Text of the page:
November 3, 2022. At Valencia, Spain.
Dear Christine. The end is in sight… and so is the beginning.
In many ways this has been a very unique and complex journey for me. Actually, I have been on a number of separate journeys that are tightly woven together. There was my time in Lisbon and Porto. There was the Camino that I walked with Kris, and the Camino without her. There was meeting attorney and mediator Ken and his wife Bambi. I hope that they are well.
There was my time with Lynn who plans to move from New Mexico to Portugal. I continue to wear as an earring the little silver Camino shell that she gave me. There was also my time with Tina who forced me to speak German and to discover that I could.
There were the days in Santiago trying to figure out what to do next: continue to the coast and endure the monsoons, or choose not to be a prisoner to a plan. The example set by a German woman prevailed. There was the down day that I saw myself as alone and invisible. The wisdom of a Belgian woman taught me, “…it’s the adjusting to the feeling which is the most uncomfortable, not the feeling itself.” She was right, and my discomfort was short-lived.
Of course I can’t forget the evening in Santiago with Tom’s friends and their Camino friends.
Throughout it all you and I maintained daily contact, however even that came with a twist. Most of those days found us separated not only by distance, but by time.
Of course, there was “The Decision”. Today I told you of another decision, that I will return for another Camino. When, where, with or without you, children, or grandchildren, all to be decided, fate willing.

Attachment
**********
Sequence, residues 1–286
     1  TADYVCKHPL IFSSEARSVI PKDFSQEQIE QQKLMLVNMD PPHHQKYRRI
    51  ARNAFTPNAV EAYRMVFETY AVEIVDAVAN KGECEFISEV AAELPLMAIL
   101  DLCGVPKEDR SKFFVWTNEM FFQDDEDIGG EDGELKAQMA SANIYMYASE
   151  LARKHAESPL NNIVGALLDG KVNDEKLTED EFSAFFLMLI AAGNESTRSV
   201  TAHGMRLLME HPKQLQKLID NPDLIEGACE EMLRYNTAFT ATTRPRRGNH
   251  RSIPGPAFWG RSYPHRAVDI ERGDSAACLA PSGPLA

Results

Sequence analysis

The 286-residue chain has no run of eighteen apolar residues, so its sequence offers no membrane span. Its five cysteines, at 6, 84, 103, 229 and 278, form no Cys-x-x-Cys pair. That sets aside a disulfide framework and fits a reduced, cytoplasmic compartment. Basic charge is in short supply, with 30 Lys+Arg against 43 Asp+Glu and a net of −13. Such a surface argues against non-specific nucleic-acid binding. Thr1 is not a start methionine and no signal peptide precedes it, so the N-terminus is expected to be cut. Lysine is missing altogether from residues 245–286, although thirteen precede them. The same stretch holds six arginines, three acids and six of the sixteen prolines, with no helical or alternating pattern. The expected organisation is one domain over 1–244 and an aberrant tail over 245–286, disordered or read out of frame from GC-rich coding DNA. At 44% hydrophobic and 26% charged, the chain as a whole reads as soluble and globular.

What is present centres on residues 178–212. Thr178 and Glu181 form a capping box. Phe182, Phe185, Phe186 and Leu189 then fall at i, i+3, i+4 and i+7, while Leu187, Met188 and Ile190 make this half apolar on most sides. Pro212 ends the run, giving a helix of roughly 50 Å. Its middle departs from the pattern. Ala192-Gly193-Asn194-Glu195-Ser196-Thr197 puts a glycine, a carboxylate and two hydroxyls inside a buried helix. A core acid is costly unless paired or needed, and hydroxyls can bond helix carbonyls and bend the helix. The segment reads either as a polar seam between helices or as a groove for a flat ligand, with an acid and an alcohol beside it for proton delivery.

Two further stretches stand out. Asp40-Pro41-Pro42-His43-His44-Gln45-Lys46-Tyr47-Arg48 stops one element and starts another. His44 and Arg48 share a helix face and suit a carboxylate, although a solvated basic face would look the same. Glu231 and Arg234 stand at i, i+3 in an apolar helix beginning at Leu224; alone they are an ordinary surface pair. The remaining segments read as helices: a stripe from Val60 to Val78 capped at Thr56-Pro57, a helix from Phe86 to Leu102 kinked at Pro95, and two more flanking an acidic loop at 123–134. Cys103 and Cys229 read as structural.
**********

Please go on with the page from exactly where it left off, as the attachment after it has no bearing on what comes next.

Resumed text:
My time in Leon, Burgos, Madrid, Toledo, and now Valencia has been another phase to this journey. It ends in two days and another journey begins in Barcelona, shared with you, Wendy, and our Norwegian daughter Hege. Then comes sailing 22 days across the Atlantic.
I freely admit that I do beginnings much better than I do endings. Yesterday, today, and (likely) tomorrow are examples. I am weary of the present “tour”. I could not force myself to visit any museums, churches, or tourist sites. Instead I walked and just enjoyed being. However it appears that for a few coins one can climb to the top of the cathedral tower. That calls to me.
I engaged in some risky behavior today. I saw a barbershop and on an impulse walked in for a haircut.
I pantomimed my instructions to the barber who nodded his understanding, but his eyes said otherwise. Fortunately, his considerable skills prevailed and I walked out with a great haircut that only cost €13.
We and his partner shared a picture and smiles.
Paul the barber (R.I.P.) from Smith Center, Kansas would not have called it risky. I still remember him saying in 2010, “Don’t worry, if I make a mistake, it’ll grow back.“
How could there not be pictures for me to share?…
Not only is my hotel room incredible, but it is located in the heart of the old city within two blocks of the cathedral and main square. It’s a wonderful area.
The old city of Valencia was once surrounded by fortress walls and huge towers that protected the city gates. At least 2 of the towers remain standing.
It’s a tower, there are stairs, and so I climbed it.
Even in November the beach front is beautiful and inviting. I imagine it must be crowded with tanned bodies in the summer.
The temperature hit 76 today and some heartier souls shed most of their clothes to play in the water and on the sand.
Also, this is a cruise destination.
One vendor near the main square has created an interesting twist on ice cream waffle cones. Strange that his customers were only young females.
Sleep well… two nights to go! Love, from Me to You.
PS. Remember I commented that you can no longer tell Americans from Europeans by their shoes and clothing? The same goes for verbal exclamations. It’s common to hear, “Oh my God!“, “Wow!”, or the like, immediately followed by the local language. I’ve done more than a few double takes on hearing such expressions.